The infant's head is enlarging, but the doctor observes that the fontanelles are not bulging, and the infant is intact, neurologically speaking; s/he has no symptoms, i.e., is neither irritable, nor unusually sleepy -- then, follow carefully.
In the Case of Macrocephally, How Is The Diagnosis of Hydrocephalus Typically Made?
"The various types of hydrocephalus can present differently in different age groups."
"Acute hydrocephalus typically presents with headache, gait disturbance, vomiting, and visual changes. In infants, irritability or poor head control can be early signs of hydrocephalus. When the third ventricle dilates, the patient can present with Parinaud syndrome (upgaze palsy with a normal vertical Doll response) or the setting sun sign (Parinaud syndrome with lid retraction and increased tonic downgaze). Occasionally, a focal deficit, such as sixth nerve palsy, can be the presenting sign. Papilledema is often present, although it may lag behind symptomatology. Infants present with bulging fontanelles, dilated scalp veins, and an increasing head circumference. When advanced, hydrocephalus presents with brainstem signs, coma, and hemodynamic instability."
"There are two main types of hydrocephalus: congenital or acquired. The former means that the problem existed at birth, although it may not noticeably manifest itself until later in life, perhaps even adulthood. The latter means that the root cause of the hydrocephalus, whether it is head trauma, tumor or infection, occurred after birth."
"Aqueductal Obstruction, or Stenosis, is the most common cause of congenital hydrocephalus. The cerebral aqueduct, which conducts CSF from the third to the fourth ventricle, is blocked due to defect, inflammation, tumor or hemorrhage. This forces CSF fluid to back up, thereby causing hydrocephalus."
"Arnold-Chiari malformation is the most common cause of congenital communicating hydrocephalus. It is characterized by elongation of the medulla oblongata so that the fourth ventricular foramina open below the level of the foramen magnum. Cerebrospinal fluid passing from these foramina cannot pass upward to the arachnoid granulation for reabsorption because the subarachnoid space is blocked at the level of the foramen magnum by an associated protrusion of the cerebellum into the foramen. Arnold-Chiari malformation is commonly associated with flattening of the base of the skull (platybasia), abnormalities in the cervical vertebrae, spina bifida, meningomyelocele, and syringomyelia."
"After a patient presents with symptoms typical of Arnold-Chiari malformation and a thorough neurological examination is performed, the malformation is generally confirmed with an imaging study of the brain and cervical spinal cord, most commonly an MRI. The sagittal MRI images are the best for demonstrating the descent of the cerebellar tonsils below the level of the foramen magnum. Special MRI imaging that evaluates the flow of cerebrospinal fluid at the base of the brain may also be used to evaluate the severity of the compression at the foramen magnum."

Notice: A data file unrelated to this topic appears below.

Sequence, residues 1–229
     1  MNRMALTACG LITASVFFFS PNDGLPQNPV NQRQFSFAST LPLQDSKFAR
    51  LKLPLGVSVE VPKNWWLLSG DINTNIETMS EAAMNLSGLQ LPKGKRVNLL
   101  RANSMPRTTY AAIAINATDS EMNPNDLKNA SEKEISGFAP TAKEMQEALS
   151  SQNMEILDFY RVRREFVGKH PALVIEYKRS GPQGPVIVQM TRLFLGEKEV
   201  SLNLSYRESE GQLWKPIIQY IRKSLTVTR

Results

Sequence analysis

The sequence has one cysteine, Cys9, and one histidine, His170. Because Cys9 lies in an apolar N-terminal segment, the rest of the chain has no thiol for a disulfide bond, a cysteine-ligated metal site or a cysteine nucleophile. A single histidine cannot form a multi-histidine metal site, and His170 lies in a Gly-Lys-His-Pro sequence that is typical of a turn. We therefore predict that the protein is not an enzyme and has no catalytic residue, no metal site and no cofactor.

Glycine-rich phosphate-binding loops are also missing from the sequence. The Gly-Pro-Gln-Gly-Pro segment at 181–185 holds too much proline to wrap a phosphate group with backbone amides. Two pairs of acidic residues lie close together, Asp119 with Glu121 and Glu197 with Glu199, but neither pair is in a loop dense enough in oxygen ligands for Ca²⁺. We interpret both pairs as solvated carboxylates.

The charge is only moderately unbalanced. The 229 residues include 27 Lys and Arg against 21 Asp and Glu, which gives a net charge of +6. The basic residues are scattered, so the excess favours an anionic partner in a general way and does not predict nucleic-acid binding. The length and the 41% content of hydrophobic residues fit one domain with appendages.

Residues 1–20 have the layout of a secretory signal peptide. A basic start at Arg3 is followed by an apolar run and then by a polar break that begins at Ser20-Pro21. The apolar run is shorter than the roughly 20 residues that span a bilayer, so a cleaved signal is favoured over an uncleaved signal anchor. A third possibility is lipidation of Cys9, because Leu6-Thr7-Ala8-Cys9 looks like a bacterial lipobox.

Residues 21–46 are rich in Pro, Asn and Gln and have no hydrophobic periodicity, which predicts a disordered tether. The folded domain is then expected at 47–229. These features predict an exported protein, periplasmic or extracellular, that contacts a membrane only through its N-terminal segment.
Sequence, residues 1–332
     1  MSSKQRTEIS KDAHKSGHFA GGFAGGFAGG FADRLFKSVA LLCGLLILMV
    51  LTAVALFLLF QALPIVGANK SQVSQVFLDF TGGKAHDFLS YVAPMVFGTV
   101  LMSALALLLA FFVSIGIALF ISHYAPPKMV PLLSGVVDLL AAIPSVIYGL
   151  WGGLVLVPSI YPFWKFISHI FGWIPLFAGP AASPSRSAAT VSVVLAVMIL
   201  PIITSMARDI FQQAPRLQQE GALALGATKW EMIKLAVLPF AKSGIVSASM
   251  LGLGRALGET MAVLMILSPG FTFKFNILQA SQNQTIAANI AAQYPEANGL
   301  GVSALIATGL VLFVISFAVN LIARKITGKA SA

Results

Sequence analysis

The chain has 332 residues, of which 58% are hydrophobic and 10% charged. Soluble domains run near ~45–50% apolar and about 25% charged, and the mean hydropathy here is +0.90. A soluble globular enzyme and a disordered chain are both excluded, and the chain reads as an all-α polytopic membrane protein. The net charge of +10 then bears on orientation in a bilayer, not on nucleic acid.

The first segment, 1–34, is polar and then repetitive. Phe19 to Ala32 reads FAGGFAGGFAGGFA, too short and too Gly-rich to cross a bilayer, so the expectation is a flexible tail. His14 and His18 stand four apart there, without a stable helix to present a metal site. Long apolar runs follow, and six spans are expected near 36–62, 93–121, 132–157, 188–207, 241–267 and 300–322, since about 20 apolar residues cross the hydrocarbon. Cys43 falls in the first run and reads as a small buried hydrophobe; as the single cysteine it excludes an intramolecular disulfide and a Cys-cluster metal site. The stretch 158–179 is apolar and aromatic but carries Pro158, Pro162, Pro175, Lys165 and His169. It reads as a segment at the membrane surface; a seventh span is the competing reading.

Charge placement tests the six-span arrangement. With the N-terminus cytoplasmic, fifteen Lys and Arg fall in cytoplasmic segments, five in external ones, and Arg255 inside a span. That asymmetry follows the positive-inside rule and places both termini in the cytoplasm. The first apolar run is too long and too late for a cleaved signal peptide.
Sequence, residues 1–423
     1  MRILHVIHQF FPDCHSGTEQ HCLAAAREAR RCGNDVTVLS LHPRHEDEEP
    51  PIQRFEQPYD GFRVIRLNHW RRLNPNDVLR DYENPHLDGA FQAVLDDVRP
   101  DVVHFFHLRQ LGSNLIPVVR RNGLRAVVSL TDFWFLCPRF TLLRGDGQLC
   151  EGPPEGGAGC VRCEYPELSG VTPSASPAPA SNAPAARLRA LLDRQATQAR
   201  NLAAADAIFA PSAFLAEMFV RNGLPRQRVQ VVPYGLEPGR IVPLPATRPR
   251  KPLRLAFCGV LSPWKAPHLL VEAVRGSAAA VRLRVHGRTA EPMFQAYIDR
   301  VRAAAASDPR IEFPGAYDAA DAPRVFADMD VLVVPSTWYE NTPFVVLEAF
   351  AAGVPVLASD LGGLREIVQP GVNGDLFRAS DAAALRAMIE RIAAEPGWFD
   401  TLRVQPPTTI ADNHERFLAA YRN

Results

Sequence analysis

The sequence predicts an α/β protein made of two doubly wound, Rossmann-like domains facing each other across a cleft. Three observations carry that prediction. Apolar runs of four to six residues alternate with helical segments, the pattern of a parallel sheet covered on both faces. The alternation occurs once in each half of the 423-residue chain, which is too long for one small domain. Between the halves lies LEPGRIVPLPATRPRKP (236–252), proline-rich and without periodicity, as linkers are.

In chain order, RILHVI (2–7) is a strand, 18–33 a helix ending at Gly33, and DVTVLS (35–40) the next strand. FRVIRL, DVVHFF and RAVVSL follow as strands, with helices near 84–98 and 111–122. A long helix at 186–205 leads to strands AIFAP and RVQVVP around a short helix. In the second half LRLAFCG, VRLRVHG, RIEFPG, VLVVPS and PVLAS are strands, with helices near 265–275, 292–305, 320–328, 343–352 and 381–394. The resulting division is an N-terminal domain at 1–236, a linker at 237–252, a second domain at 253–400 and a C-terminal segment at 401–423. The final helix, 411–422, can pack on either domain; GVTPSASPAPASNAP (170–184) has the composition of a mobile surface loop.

"What Are Some Common Treatments?"
"If a patient is confirmed to have a significant Type I Arnold-Chiari malformation treatment usually depends on symptoms and the patient's preferences. Asymptomatic patients usually do not require treatment. If symptoms are intolerable, the most common treatment offered by a neurosurgeon is a Chiari decompression (also called a posterior fossa decompression, suboccipital craniectomy or foramen magnum decompression). This treatment aims to open up the foramen magnum to make more room for the descended tonsils. It can be accompanied by enlargement of the dura covering the brain in that area and sometimes resection or shrinking of the descended tonsils. For more information about this procedure see the Chiari decompression page...."
"Type I Arnold-Chiari Malformation; What Is It?" in Nervous System Diseases. <http://www.nervous-system-diseases.com/arnold-chiari-malformation.html>
"Because intervention on the Chiari malformation is based more on symptomatology than on structural characteristics, the exact anatomic definition beyond the requirement of tonsillar herniation is not always germane to the specific choice of treatment."
R. Yassari, D. Frim / Pediatr Clin N Am 51 (2004) 477–490 [p.479] <http://pediatrics.uchicago.edu/chiefs/inpatient/documents/ChiariFrim.pdf>
In infants with hydrocephalus, CSF builds up in the central nervous system, causing the fontanelle (soft spot) to bulge and the head to be larger than expected. Early symptoms may also include:
- Eyes that appear to gaze downward (Sundowning)
- Separated sutures
Symptoms that may occur in older children can include:
- Brief, shrill, high-pitched cry
- Changes in personality, memory, or the ability to reason or think
- Changes in facial appearance and eye spacing
- Crossed eyes or uncontrolled eye movements
- Difficulty feeding
- Excessive sleepiness
- Irritability, poor temper control
- Loss of bladder control (urinary incontinence)
- Loss of coordination and trouble walking
- Muscle spasticity (spasm)
- Slow growth (child 0–5 years)
- Slow or restricted movement
"Once symptomatic onset occurs, a common treatment is decompression surgery, in which a neurosurgeon usually removes the lamina of the first and sometimes the second or even third cervical vertebrae and part of the occipital bone of the skull to relieve pressure. The flow of spinal fluid may be accompanied by a shunt. Since this surgery usually involves the opening of the dura mater and the expansion of the space beneath, a dural graft is usually applied to cover the expanded posterior fossa."